Northeastern COE Students Win 2nd Prize in DASSH Challenge 2024

A COE student team placed second in the 2024 Designing Actionable Solutions for a Secure Homeland (DASSH), a student challenge focused on solving simulated homeland security problems created by the Soft Target Engineering to Neutralize the Threat Reality (SENTRY) research center and Arizona State University’s Center for Accelerating Operational Efficiency.

The COE Huskies student team placed second in the 2024 Designing Actionable Solutions for a Secure Homeland (DASSH) by solving a simulated homeland security challenge focused on an adversarial attack on a city infrastructure. DASSH is presented by Soft Target Engineering to Neutralize the Threat Reality (SENTRY), a Department of Homeland Security Center of Excellence, and the Center for Accelerating Operational Efficiency (CAOE) at Arizona State University.

Undergraduate and graduate student teams were tasked with solving simulated real-world challenges related to this year’s theme, “Cascading Events.” Guided by mentors from academia and industry, teams selected one of three problem statements focused on detecting and mitigating such threats as cyber attacks, natural disasters, and human-engineered sabotage.

The event commenced with a warm welcome from SENTRY Director Michael Silevitch, the Robert D. Black Professor, COE Distinguished Professor, electrical and computer engineering, and CAOE Executive Director Ross Maciejewski, who presented a video greeting from Dimitri Kusnezov, the Under Secretary for the Department of Homeland Security Science and Technology Directorate. Dr. Juan Lopez Jr. from the Department of Homeland Security, gave a keynote address focused on industrial control systems and open-source software within the critical infrastructure security and resilience program. He also delved into the intricacies of cascading events and shared practical tips to empower students in navigating the following complex problem statements:

  • Problem Statement 1: “How do we anticipate, detect, and mitigate AI-enabled cyberattacks on interdependent U.S. critical infrastructure—and manage related consequences—during a time of enhanced tension?”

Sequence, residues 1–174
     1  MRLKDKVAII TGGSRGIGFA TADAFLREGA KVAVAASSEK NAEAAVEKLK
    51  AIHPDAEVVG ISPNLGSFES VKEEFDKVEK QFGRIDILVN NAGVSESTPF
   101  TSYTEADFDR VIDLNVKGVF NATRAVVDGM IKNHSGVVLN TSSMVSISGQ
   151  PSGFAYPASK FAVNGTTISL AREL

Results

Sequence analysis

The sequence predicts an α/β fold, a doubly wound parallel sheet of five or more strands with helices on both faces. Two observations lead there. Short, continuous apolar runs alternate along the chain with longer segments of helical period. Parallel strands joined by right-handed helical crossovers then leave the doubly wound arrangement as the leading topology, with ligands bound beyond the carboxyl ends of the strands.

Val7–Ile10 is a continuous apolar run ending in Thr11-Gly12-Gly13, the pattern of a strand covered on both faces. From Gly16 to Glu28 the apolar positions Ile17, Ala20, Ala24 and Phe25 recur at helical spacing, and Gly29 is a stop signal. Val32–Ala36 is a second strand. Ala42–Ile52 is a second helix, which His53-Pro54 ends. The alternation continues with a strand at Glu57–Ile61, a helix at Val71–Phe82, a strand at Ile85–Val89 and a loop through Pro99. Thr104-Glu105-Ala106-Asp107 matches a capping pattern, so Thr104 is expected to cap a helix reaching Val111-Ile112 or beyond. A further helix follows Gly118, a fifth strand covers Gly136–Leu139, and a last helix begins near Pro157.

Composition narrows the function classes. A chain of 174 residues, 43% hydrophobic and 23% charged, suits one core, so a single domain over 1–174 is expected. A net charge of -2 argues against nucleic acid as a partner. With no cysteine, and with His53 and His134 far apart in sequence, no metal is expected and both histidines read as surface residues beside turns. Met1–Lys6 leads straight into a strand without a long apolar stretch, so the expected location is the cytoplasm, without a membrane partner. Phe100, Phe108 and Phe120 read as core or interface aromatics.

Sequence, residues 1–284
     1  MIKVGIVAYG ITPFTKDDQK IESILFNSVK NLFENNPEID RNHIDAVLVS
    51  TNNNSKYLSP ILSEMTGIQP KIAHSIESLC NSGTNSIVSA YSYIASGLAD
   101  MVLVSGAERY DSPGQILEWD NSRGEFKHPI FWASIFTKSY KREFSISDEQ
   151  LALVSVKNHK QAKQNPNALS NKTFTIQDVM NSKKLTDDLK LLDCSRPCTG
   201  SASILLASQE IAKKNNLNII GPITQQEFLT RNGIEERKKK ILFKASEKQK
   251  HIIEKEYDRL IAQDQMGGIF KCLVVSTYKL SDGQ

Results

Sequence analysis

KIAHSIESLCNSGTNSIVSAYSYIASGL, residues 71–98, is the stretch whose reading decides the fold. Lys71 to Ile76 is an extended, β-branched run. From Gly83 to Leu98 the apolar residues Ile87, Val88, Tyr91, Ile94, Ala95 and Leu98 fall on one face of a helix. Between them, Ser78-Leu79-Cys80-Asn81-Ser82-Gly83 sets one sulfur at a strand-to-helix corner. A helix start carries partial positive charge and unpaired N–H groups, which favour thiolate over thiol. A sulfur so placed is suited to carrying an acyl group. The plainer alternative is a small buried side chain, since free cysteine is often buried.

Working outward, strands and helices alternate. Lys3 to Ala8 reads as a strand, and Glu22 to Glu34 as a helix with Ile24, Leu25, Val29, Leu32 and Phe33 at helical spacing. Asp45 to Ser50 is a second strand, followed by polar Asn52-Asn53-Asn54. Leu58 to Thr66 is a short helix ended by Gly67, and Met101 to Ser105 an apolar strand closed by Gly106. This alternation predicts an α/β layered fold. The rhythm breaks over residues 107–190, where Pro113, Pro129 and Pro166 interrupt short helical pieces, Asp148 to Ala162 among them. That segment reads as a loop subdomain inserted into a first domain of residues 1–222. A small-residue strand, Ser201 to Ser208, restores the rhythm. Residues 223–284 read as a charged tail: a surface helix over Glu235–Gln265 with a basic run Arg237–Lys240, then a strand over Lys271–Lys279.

• Problem Statement 2: “How might we mitigate or recover from an adversarial attack on city infrastructure that is exacerbated by a major heat wave that is affecting the power grid?”
  • Problem Statement 3: “How might we mitigate and recover from cascading effects of a large earthquake and tsunami in Northern California that destroys roads, ports, electrical, sewage, and water infrastructure leading to disease propagation?”

Among the 33 participating teams, six included students from SENTRY’s partner institutions, with 19 SENTRY student researchers represented. The Huskies placed second for its solution to Problem Statement 2. The team included: Surya Sai Brahmendra Ramoju, Sri Likhitha Anuganti, John Yehti Rajulu, Hari Chandana Kannuru, Rohit Varma Mudundi, and Sahita Bonthu.

“The most thrilling part of the event for me was the intense, hands-on collaboration,” says Ramoju. “Our team used a strategic blend of innovation and commitment, targeting the resilience of urban infrastructure against a cyber-attack and heatwave. We integrated solar energy solutions, AI and drone surveillance for security, and a mobile app for medical access, using technology for enhancing public safety and urban resilience.”

The event concluded with a presentation from Greg Simmons of the Department of Homeland Security Science and Technology Directorate. He encouraged students to stay involved in Homeland Security through the Minority Serving Institution and Workforce Development Programs, and noted the DASSH students had produced innovative and creative solutions to real-world problems.

“This wasn’t just about solving a problem; it was a profound experience of learning, growing, and pushing boundaries,” adds Romoju. “The dynamic interplay of creativity, challenge, and the shared goal of making a tangible difference was unforgettable.”

SENTRY looks forward to creating continued opportunities for student engagement through these annual DASSH student challenges and plans to work closely with the SENTRY Student Leadership Council to envision new ways to support our students.

Related Faculty: Michael B. Silevitch

Related Departments:Electrical & Computer Engineering